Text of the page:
When you start thinking about your little girl growing up and how her body is changing it can bring up lots of emotions, both for you and for her.  It may be a good idea to think back to when you were a young girl to remember what it felt like the first time you got your period.  Did you feel you were prepared for that moment?  Did your mother/father discuss it ahead of time with you or was it a big surprise?  Was your experience one that you would want your daughter to go through, or do you think there are things you can do to help improve upon the experience you had?

When you start thinking about having a conversation with your daughter about her period there are several things you might be thinking.  How do you approach the subject without overwhelming her and still keep an open dialogue?  What are some of the important topics that you should talk about?  How do you approach this awkward subject without intimidating or frightening your daughter with the information?


I was a little behind on speaking with my daughter about this topic.  The school had already given her a brief idea that her body was changing and that things would start happening.  She knew she would get something called a period; however they didn’t explain what to do when something happened or how to go about it. The day my daughter brought home the paper (granted she was in 5th grade at the time) I sat her down and asked what they told her. To my surprise they really did not tell her much.   For those who have not had the conversation with their daughter yet, this could be just the ice-breaker you need to open up the lines of communication and get the conversations rolling.  I wish that I would have actually brought this up to her before she got the information in school, but I never really thought about it until she had already brought the information home.

I knew the conversation would be awkward even though she confides in me for everything.   I sat her down in my room on the bed and we talked.  We didn’t just limit ourselves to the biological aspects of what is happening inside of her, like is often done in the school setting, but we also included things that young girls should really know about.  I wish my mother had talked to me about these things when I was young.  I always felt like an odd duck growing up, and I think it was partly because I never knew about any of this “girl stuff” until I heard about it from friends, or saw it on TV.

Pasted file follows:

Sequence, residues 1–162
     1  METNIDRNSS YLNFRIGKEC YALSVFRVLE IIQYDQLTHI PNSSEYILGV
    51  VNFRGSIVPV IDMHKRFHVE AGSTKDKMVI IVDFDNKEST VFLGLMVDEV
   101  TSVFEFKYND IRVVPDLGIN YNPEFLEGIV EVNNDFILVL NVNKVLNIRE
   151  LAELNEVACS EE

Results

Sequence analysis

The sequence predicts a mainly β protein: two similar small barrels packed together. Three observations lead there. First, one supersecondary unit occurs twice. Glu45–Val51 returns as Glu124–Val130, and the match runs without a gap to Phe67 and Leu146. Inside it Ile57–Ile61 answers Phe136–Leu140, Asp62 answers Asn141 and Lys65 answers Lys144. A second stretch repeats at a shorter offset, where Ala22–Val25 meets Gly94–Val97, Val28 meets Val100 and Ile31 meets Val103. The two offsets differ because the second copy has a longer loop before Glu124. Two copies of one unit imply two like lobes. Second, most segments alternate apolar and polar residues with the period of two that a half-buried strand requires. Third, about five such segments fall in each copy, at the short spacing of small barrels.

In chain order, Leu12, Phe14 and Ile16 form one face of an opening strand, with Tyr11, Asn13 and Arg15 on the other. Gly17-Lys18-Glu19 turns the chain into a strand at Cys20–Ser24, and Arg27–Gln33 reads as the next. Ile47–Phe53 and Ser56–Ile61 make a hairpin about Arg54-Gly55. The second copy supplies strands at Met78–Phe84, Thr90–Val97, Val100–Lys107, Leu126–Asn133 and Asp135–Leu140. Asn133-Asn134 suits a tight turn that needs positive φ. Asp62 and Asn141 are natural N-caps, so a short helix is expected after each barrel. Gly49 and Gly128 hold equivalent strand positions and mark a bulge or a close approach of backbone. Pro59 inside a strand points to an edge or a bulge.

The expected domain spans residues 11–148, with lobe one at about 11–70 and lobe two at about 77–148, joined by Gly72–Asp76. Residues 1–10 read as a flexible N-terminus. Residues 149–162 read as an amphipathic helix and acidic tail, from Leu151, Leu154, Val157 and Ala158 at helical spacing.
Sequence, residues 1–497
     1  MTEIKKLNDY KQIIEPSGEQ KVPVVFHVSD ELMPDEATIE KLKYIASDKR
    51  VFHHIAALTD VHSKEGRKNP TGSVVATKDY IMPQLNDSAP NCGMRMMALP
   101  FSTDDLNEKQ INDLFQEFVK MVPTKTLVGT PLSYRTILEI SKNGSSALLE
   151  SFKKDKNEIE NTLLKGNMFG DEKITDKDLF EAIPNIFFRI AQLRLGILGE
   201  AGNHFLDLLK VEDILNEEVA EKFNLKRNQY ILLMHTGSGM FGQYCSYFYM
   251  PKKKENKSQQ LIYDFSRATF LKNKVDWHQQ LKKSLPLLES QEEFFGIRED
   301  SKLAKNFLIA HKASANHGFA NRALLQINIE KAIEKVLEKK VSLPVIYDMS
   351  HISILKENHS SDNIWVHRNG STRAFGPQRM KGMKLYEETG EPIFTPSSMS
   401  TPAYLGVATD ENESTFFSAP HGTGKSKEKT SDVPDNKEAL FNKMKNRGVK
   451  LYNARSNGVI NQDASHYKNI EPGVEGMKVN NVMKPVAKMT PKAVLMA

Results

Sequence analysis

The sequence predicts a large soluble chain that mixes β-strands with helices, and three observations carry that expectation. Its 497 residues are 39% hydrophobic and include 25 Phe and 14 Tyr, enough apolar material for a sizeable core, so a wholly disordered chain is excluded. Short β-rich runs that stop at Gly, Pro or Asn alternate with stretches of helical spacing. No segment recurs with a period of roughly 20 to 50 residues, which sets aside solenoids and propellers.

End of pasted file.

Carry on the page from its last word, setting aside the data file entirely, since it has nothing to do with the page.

My daughter and I talked about her changing body and everything that goes along with that.  I mentioned that she may need to shave under her arms when the hair starts to grow, as well as wear deodorant.  We talked about wearing a training bra and getting used to the idea that she will be developing in that area soon.  A lot of girls feel embarrassed when they start to develop, especially if it is before their friends do, but I let her know it is nothing to be embarrassed about and everyone develops at their own rate.  We also talked about how to start getting prepared for her monthly visit.

To help get her even more prepared I let her know that if she ever had any questions to come to me and I would help her answer them.  I told her not to be embarrassed about it because it would always remain between just me and her, and every mother and daughter will go through this.  I also told her about the Hello Period website where she could go to ask questions of other teens, and also know that she is not alone in this process.


Since I am not an expert on this by any means, just a mom with a daughter, I figured I would take to my Facebook page to see what other moms had to say about their own experiences, or the experiences they had with their daughters.  Here are some of the suggestions from our fans:

Breanna L. says:  “I bought my daughter the book My Body, My self.  It is wonderfully written and has lots of questionnaires and activities to do in it. I had my daughter read it and every night we talked about what she had read, and I answered any questions she had. When she did have her first period her and I went out to celebrate with ice cream and I left her a basket with maxi pads, new panties, new body wash, and all the things a young woman deserves.”